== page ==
It's an extremely finely balanced decision. The consequences of failure would be disastrous. Granada has already spent pounds 18m fighting this bid; by the time the offer has been underwritten for cash a second time the cost will be nearer pounds 30m - a whopping loss even for a company of Granada's size. Worse, Granada would find itself sidelined as an ITV operator, a small player in an industry dominated by Michael Green's Carlton.
But raising the offer significantly might have equally dire consequences. As Mr Robinson is keenly aware, if he offers too much, it becomes counter-productive because his share price would react adversely, and with it the value of his bid.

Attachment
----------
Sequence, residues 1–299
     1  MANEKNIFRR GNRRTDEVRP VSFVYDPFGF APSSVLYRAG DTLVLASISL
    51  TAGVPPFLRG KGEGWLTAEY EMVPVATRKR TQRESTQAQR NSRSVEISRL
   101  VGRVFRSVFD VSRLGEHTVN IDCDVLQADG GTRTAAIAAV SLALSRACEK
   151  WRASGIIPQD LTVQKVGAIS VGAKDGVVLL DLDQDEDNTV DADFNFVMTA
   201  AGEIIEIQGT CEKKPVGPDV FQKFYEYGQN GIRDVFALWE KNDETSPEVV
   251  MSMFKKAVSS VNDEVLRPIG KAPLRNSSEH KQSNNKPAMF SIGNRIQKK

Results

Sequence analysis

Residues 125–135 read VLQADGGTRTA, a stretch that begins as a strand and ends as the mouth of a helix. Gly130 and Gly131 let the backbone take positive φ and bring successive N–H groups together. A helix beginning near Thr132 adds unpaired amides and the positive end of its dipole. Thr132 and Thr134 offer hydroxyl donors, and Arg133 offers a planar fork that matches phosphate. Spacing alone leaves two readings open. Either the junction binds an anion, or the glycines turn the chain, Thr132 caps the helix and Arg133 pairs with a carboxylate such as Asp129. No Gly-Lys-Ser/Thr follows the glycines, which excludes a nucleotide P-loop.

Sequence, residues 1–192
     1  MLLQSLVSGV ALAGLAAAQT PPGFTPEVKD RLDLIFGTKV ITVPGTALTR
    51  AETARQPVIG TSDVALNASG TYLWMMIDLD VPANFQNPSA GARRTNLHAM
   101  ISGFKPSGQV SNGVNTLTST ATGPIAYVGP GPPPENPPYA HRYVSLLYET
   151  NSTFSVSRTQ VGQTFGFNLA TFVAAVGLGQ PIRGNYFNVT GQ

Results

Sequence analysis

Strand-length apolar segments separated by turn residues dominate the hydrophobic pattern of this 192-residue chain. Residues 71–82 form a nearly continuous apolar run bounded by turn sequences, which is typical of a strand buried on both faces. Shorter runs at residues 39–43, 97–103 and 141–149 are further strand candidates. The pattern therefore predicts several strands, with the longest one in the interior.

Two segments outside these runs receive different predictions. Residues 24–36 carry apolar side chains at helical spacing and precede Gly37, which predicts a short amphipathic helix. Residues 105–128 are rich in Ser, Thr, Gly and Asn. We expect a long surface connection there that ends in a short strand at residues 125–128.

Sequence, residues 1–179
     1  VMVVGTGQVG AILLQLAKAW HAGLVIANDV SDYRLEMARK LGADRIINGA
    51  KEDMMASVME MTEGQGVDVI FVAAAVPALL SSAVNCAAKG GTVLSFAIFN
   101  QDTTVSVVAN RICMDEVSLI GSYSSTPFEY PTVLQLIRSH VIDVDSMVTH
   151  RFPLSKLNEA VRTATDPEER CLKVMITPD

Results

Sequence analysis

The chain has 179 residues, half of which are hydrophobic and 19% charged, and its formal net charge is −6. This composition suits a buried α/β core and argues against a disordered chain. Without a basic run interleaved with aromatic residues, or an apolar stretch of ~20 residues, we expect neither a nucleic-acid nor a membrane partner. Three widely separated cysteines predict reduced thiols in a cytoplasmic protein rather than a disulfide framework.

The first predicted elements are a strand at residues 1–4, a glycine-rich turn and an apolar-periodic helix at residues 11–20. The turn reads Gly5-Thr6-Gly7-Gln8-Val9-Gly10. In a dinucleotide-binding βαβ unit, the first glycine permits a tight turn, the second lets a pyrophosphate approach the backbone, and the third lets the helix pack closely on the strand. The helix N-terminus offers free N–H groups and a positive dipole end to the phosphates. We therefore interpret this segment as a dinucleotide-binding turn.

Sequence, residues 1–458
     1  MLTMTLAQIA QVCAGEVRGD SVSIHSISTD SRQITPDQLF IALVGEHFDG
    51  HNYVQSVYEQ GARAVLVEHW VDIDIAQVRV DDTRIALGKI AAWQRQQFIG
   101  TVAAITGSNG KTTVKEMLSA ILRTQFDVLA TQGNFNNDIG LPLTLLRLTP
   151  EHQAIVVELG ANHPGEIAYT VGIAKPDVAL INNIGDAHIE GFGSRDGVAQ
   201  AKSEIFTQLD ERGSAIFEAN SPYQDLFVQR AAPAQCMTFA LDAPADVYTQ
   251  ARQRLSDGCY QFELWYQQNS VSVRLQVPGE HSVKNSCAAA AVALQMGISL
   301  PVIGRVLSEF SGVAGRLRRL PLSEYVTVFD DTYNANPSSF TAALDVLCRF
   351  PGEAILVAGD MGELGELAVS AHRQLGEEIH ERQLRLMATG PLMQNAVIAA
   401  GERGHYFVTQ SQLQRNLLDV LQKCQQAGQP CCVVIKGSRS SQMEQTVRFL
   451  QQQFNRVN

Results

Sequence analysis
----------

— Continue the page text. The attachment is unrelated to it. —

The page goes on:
At LWT, the chairman, Sir Christopher Bland, and his chief executive, Greg Dyke, believe they've got every chance of remaining independent. Few managements deserve such an outcome more, and it's a hard and ungrateful institutional shareholder that sells them out. But Sir Christopher shouldn't count on loyalty. His best course at this late stage would probably be to strike an agreed deal with Granada at a higher price. That's certainly what the City is hoping for.Reuse content